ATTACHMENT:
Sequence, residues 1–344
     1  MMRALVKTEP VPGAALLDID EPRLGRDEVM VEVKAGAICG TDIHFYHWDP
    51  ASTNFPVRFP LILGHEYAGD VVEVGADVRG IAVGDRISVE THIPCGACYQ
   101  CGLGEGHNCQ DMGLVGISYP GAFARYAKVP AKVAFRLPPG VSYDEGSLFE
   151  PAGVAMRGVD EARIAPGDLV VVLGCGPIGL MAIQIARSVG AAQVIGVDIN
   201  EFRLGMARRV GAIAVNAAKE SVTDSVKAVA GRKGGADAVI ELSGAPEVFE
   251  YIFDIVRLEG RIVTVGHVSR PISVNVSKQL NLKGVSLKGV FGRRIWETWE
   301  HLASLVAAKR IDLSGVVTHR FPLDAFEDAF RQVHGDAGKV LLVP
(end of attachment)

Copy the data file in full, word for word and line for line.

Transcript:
Sequence, residues 1–344
     1  MMRALVKTEP VPGAALLDID EPRLGRDEVM VEVKAGAICG TDIHFYHWDP
    51  ASTNFPVRFP LILGHEYAGD VVEVGADVRG IAVGDRISVE THIPCGACYQ
   101  CGLGEGHNCQ DMGLVGISYP GAFARYAKVP AKVAFRLPPG VSYDEGSLFE
   151  PAGVAMRGVD EARIAPGDLV VVLGCGPIGL MAIQIARSVG AAQVIGVDIN
   201  EFRLGMARRV GAIAVNAAKE SVTDSVKAVA GRKGGADAVI ELSGAPEVFE
   251  YIFDIVRLEG RIVTVGHVSR PISVNVSKQL NLKGVSLKGV FGRRIWETWE
   301  HLASLVAAKR IDLSGVVTHR FPLDAFEDAF RQVHGDAGKV LLVP